By David Rose
Guardian Media Group chief executive Sir Bob Phillis has backed a
controversial move to expose the BBC to more parliamentary scrutiny,
arousing fears that its editorial freedom could be threatened.
The Commons’ powerful public accounts committee (PAC), and auditor
general Sir John Bourn, this week sought the help of peers to persuade
Media Secretary Tessa Jowell that the National Audit Office (NAO)
should be allowed to investigate whether all BBC activities represent
value for money.
So far the BBC has resisted, but only by
agreeing to allow the NAO to investigate areas it approves, and on
condition that its report goes to the corporation. One inquiry into the
BBC’s investment in Freeview has already been published.
Bourn told a cross-party committee of peers investigating the renewal
of the BBC charter that he wanted to select the area to be probed, and
to report to the PAC, which could then cross-examine BBC bosses.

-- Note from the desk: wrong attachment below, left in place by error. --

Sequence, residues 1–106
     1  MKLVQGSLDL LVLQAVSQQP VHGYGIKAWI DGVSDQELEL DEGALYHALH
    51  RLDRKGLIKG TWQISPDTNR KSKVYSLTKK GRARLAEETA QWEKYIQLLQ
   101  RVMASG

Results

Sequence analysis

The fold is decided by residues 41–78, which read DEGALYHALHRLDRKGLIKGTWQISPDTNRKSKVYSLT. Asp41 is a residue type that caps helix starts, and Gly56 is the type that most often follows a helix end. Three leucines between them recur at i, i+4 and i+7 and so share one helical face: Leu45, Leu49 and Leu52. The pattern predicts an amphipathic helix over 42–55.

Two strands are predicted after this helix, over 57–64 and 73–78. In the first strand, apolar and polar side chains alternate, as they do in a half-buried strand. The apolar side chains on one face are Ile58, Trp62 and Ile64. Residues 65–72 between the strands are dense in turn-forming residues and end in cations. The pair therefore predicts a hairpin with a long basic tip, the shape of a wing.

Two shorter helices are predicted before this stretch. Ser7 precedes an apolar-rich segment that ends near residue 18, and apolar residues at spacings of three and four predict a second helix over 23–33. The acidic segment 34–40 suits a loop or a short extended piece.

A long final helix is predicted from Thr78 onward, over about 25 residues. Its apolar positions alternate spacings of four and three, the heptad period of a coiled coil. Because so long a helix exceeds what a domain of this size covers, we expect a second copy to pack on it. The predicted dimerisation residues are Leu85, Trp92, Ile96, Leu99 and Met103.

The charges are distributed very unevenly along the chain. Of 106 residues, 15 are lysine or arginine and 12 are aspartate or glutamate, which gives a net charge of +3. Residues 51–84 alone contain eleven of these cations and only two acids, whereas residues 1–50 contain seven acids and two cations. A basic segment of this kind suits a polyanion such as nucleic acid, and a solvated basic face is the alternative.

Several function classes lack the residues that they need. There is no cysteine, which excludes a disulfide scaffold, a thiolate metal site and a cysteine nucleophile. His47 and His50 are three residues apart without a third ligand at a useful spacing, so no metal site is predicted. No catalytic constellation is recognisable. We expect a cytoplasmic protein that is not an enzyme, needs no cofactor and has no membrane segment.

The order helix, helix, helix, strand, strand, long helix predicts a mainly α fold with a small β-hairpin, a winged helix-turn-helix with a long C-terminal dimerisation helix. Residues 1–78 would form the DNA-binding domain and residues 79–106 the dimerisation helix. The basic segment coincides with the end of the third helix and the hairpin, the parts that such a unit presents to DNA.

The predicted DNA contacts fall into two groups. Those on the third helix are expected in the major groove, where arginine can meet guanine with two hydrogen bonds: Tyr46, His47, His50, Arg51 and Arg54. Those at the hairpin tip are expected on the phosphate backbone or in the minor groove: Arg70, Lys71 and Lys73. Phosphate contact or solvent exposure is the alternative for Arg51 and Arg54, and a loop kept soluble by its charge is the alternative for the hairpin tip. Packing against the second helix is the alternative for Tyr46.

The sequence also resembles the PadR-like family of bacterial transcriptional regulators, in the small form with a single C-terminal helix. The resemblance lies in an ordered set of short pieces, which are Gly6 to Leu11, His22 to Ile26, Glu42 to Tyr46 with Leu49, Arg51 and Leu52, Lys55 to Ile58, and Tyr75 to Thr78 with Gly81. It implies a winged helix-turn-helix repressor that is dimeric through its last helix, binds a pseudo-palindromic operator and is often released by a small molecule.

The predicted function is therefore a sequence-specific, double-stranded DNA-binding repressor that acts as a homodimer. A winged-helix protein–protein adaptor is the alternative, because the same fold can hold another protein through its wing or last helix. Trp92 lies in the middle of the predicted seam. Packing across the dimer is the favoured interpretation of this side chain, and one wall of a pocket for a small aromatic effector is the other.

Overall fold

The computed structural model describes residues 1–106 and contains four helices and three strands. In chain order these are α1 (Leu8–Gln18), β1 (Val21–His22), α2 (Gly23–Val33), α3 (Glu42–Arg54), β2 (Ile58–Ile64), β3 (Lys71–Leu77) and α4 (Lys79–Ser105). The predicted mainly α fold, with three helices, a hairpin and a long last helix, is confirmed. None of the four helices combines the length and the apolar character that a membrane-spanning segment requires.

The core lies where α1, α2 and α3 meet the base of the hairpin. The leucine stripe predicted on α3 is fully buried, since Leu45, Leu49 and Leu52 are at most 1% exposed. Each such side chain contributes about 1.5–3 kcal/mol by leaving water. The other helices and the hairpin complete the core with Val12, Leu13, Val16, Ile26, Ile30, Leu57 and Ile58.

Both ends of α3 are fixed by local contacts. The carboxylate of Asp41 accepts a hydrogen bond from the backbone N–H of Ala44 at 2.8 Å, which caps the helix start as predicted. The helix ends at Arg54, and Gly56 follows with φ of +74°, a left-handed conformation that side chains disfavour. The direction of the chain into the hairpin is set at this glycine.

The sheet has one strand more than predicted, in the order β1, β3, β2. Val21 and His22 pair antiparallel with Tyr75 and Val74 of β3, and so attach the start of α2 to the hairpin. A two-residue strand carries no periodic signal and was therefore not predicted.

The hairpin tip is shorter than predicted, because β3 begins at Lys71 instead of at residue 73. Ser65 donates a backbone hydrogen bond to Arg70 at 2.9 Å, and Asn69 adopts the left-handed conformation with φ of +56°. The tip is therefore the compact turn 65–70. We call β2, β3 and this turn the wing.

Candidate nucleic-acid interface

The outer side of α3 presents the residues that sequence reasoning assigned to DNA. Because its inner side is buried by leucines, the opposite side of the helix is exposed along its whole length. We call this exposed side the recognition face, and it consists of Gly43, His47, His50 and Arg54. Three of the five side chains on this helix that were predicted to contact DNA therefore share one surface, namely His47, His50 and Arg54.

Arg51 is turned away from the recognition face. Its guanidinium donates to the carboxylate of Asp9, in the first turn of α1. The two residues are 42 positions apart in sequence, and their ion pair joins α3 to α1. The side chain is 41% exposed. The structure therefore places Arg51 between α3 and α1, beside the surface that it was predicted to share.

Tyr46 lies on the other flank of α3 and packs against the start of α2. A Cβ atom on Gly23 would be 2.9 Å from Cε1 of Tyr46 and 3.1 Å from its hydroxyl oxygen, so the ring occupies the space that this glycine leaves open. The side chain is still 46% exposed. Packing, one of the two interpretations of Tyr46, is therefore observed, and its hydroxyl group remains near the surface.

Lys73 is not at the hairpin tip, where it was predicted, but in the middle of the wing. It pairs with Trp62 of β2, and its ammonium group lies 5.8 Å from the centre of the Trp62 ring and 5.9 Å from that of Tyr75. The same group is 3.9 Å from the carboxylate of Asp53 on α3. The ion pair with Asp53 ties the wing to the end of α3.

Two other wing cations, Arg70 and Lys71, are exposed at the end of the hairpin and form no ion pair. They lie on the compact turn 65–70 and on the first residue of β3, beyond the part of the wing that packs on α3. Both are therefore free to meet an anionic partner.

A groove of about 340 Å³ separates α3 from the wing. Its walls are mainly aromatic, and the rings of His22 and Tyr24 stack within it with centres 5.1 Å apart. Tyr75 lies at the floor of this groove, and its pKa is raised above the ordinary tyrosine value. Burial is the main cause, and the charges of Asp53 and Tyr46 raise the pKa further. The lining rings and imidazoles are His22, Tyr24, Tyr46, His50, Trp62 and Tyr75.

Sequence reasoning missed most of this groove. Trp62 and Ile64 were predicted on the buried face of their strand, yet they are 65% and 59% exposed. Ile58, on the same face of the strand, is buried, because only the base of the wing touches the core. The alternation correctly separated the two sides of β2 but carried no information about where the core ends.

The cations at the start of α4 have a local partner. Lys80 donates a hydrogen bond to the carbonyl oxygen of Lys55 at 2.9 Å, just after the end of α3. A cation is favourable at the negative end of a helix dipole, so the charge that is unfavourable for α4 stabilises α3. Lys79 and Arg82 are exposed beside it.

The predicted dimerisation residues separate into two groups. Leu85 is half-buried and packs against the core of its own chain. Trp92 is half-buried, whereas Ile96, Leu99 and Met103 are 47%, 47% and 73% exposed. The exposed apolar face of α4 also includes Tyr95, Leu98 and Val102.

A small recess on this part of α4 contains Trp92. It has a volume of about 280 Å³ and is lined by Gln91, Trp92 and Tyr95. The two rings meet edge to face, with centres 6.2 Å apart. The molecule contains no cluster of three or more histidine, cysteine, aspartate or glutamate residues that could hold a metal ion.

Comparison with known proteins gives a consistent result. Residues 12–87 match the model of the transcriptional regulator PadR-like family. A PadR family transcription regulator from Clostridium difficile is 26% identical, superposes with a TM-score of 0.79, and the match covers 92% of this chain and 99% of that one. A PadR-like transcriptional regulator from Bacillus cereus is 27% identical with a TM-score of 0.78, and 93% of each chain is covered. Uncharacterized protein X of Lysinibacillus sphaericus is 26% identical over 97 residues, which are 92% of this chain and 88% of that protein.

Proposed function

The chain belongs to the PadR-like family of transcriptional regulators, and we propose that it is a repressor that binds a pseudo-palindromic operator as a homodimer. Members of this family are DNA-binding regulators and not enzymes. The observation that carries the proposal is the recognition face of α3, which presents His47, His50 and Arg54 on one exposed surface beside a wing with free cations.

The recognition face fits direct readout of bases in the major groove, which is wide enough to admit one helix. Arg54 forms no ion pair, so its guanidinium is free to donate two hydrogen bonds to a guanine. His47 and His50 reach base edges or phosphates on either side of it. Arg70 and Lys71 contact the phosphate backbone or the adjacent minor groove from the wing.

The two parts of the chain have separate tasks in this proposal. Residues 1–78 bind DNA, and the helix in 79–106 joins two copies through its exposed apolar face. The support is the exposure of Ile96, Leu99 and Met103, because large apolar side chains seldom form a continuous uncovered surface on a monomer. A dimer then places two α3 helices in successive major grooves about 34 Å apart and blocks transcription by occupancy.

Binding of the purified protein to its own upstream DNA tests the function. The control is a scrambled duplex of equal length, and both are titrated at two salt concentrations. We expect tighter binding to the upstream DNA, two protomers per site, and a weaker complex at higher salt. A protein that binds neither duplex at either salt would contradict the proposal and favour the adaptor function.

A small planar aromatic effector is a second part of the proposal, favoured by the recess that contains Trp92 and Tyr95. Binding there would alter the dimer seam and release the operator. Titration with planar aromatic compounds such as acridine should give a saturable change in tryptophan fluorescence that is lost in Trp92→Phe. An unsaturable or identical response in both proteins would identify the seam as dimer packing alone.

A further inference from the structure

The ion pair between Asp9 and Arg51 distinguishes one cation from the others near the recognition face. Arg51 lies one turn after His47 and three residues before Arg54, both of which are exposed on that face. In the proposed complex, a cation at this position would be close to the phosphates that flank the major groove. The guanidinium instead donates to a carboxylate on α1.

Leigh, Tory chairman of the PAC, acknowledged in a letter to committee
chairman Lord Fowler that some commentators perceived the request as “a
threat to the BBC’s artistic and editorial freedoms”.
sought to reassure peers that the work could be undertaken “in ways
that did not invade editorial independence or act in a way to
disincline the BBC to do adventurous things”.
managing director of the BBC World Service – which is subject to full
NAO scrutiny – in 1993/94 and said he had found its work valuable.
“I don’t think the BBC should have anything to fear from scrutiny by the NAO,” he told peers.
But some expressed misgivings. Labour
peer Lord Maxton told Bourn: “Most MPs would say the BBC employs far
too many people in this building for the sort of services they provide.”